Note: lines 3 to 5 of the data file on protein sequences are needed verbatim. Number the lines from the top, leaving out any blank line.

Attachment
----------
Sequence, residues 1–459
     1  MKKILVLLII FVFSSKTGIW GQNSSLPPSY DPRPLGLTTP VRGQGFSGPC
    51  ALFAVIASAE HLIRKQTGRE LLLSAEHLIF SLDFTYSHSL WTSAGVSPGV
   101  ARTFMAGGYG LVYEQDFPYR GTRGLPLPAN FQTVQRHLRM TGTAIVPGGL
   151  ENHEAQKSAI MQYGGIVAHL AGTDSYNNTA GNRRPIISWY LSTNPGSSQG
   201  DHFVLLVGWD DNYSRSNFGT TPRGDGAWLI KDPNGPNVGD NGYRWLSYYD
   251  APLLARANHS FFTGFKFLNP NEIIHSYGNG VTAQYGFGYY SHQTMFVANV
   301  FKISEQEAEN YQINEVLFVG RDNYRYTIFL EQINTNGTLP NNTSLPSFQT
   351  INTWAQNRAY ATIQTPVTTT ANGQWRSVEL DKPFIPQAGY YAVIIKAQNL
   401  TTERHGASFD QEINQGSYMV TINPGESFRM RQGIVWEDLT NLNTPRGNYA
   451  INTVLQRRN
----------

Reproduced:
    51  ALFAVIASAE HLIRKQTGRE LLLSAEHLIF SLDFTYSHSL WTSAGVSPGV
   101  ARTFMAGGYG LVYEQDFPYR GTRGLPLPAN FQTVQRHLRM TGTAIVPGGL
   151  ENHEAQKSAI MQYGGIVAHL AGTDSYNNTA GNRRPIISWY LSTNPGSSQG